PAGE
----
Tales From The Radiation Age Is (Finally) A Complete Book


Some time ago, I had this idea…

I wanted to write a book about the end of the world. But since my previous book, A Private Little War, was such a grim and blood-soaked death-slog all full of war and insanity and biplanes and toast (read it and you’ll see what I mean), I also wanted it to be, you know, fun. Because who says the end of the world has to be all awful? There are certainly people out there who would find a complete breakdown of all the systems of control to be a rollicking good time. Anarchy, lawlessness, general weirdness? Who doesn’t yearn for that every now and then?

Further, I didn’t want to go with any of the standard end-of-the-world tropes. Which meant no zombies, no gestalt ecological catastrophes which conveniently affect every biome on earth, no lone wanderer trudging through the wasteland. My apocalypse was more like a kind of psychotic wish fulfillment: What if we suddenly got everything we’ve ever wanted in our science-fiction-saturated world? What if there was nanotechnology and genetically engineered monsters and giant robots and dinosaurs and airships and time travel and, basically, everything, all at the same time?

That was the nut of the idea for Tales From The Radiation Age. And once I had that, all I had to do was sit down and write it. Which I did–one episode (read: chapter) at a time, every two weeks, for six straight months.

TFTRA was released as a serial from the good folks at 47North–a new episode showing up every two weeks like magic in the Kindles of those who bought in. On the one hand, this was a complete disaster–some people got all angried-up over the format, over the wait, over the mistaken impression that I was releasing an incomplete book a piece at a time as a way to make myself rich (oh, if only…).

On the other hand, it was the coolest thing I’ve ever done. Serials are awesome. I loved the idea of the cliffhangers, the ability to change the flow of the plot mid-project, the nail-biting wait between releases. I got to play at being a robot-obsessed Dickens for six months, which was way more fun than I thought it would be, and from a writer-y perspective, nothing sharpens the mind and jacks the blood pressure like that looming, unbreakable deadline coming every two weeks. I wrote more (and, I think, wrote better) in the past six months than I ever have in my life, and I got to live and play in a world that was precisely as strange and thrilling as I wanted it to be. By the time I was done, my main character, Duncan Archer, got to see a dragon, cavort with prostitutes, ride a dinosaur, rob a train, learn about parallel universes, play a little piano, drink a lot of whiskey, steal a robot brain, watch the fabric of the universe unravel and help stitch it back together again. Which, of course, means I got to do all those things, too.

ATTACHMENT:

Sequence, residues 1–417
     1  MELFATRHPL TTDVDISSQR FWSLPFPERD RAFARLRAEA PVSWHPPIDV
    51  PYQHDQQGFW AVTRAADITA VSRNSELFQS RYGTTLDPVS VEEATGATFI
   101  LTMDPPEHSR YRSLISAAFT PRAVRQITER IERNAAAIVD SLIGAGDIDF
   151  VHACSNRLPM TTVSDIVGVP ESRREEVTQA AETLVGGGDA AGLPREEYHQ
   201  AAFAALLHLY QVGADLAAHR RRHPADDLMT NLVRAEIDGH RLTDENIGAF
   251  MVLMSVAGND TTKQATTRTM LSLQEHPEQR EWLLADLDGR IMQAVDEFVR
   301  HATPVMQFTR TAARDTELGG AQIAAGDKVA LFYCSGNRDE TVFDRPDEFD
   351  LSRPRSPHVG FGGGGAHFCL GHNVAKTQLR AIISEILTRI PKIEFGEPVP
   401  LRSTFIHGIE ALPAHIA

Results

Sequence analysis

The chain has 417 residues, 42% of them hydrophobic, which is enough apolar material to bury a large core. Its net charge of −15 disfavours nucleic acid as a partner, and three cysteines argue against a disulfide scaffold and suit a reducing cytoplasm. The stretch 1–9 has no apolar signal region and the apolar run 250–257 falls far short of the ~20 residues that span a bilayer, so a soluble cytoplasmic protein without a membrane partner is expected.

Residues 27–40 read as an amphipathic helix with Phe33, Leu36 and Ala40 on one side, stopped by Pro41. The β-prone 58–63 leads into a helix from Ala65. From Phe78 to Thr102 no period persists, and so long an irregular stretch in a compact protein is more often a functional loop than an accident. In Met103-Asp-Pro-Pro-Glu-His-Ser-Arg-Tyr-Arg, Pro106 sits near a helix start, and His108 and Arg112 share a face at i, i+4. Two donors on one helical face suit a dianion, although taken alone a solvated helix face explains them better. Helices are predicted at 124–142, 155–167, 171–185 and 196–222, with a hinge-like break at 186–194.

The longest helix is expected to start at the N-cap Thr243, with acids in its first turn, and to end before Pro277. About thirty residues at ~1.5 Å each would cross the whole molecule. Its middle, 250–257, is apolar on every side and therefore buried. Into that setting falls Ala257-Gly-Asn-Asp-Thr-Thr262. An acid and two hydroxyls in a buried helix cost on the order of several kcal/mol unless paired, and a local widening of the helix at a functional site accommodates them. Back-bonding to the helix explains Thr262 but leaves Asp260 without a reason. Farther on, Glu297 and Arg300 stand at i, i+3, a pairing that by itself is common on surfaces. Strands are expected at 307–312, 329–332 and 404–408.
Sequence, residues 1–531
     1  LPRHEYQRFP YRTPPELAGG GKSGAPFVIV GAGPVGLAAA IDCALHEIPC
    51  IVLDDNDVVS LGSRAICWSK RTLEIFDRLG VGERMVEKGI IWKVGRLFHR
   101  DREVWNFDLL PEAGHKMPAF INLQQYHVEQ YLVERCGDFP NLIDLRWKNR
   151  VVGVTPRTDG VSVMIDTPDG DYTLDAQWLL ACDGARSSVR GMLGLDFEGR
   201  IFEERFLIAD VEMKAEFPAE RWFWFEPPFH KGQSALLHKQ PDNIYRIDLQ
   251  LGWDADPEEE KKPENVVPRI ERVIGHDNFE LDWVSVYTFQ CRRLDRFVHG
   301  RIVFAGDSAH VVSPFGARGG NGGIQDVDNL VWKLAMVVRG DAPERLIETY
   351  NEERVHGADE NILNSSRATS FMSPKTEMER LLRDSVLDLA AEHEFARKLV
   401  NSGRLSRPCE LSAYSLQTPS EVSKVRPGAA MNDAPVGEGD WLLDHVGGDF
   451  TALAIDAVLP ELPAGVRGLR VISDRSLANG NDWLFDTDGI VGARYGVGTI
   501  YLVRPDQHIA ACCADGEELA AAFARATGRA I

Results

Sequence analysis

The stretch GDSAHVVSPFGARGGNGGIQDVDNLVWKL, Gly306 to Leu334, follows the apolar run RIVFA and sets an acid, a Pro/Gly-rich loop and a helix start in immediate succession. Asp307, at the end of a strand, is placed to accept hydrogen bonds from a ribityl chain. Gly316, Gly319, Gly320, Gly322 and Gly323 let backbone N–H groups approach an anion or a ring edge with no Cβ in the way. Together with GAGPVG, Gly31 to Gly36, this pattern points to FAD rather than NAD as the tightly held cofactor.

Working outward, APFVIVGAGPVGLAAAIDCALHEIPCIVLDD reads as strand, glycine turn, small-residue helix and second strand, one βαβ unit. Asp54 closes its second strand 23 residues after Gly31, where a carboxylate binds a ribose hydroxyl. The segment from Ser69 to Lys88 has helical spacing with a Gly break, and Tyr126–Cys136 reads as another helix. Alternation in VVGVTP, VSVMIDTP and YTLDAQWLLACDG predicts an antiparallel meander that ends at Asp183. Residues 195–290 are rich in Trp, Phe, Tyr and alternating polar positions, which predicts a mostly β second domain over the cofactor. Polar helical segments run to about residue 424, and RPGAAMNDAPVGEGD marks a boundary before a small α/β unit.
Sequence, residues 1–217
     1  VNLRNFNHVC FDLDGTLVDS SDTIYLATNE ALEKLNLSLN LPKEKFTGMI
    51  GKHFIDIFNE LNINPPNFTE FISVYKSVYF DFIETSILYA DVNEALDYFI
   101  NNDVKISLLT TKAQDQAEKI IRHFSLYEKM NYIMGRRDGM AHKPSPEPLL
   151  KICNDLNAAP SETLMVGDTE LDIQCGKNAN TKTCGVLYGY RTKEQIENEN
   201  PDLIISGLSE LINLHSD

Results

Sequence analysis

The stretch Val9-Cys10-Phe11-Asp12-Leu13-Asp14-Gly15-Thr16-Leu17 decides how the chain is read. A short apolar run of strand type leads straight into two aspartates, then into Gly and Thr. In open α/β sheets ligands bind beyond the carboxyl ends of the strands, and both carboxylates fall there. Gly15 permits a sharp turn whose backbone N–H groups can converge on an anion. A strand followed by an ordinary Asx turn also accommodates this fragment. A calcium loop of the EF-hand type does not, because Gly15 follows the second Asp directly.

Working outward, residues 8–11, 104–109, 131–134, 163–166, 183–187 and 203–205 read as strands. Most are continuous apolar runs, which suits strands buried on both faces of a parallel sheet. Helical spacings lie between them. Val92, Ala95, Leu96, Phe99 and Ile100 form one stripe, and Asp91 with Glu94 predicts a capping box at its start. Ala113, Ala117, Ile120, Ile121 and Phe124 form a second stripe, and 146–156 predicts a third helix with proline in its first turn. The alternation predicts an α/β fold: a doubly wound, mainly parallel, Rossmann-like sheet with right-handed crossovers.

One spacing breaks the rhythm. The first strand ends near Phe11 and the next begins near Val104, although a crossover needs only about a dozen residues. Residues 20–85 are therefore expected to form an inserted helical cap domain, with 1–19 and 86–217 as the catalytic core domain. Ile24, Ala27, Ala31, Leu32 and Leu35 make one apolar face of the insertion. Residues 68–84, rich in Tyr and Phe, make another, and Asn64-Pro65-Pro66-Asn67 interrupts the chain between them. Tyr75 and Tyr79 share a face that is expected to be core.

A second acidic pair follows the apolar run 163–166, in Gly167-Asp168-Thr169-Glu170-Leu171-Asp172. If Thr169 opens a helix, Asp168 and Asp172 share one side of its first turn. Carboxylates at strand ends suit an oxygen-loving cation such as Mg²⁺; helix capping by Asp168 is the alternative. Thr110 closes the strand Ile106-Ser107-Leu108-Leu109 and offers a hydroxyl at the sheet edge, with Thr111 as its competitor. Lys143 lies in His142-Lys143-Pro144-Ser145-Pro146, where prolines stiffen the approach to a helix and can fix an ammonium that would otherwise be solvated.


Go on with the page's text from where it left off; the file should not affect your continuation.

But anyway, Tales finished its run a couple weeks back and officially became a complete book with a first chapter, a last chapter and everything in between. And now, for those of you who just can’t stand the thought of waiting, you can go and buy it in its entirety–and all for the bargain price of just $3.99. Here’s the irresistible jacket copy, just so you know what you’re getting yourself into:

In a post-apocalyptic America that has shattered into a hundred perpetually warring fiefdoms, anyone with a loud voice and a doomsday weapon can be king (and probably has been). Duncan Archer—con man, carpetbagger, survivor—has found a way to somehow successfully navigate the end of the world, with its giant killer robots, radioactive mutants, mad scientists, rampant nanotechnology, armed gangs, sea monsters, and 101 unpleasant ways to die.

But when he meets Captain James Barrow, a former OSS agent and the most wanted man in the world, Duncan finds himself a reluctant hero caught up in a whole new level of weird, rollicking adventure…

And the second most wanted man in the world.

Tales from the Radiation Age is a throwback to the pulp-origins of science fiction, painting a vision of the future that’s richly detailed, wildly imaginative—and altogether too easy to imagine.

So if you’re looking for a little something to load onto your brand new Christmas Kindle, give it a shot. If you have a friend or relation whose mind needs to be blown, give it as a gift. Right now, it’s an ebook only (hence the cheapness), but in a couple months it’ll graduate and become an actual, physical book-book, too.

Oh, and for any of you out there who’ve already read the thing (cheers to all of you), take heart. I am currently working on both a sequel and a prequel. The sequel will be another full-blown book–and I’m really hoping it’ll be another serial as well. The prequel will be a novella, telling the story of Duncan Archer as a young man in the year immediately following the end of the world, and I have no idea what I’m going to do with that yet. Maybe I’ll just do it here in pieces, give it away free. Maybe I’ll do my own little serial version of it. Who knows.

In the meantime, check out the original Tales From The Radiation Age and see where all this weirdness began.

Tales From The Radiation Age [Amazon]


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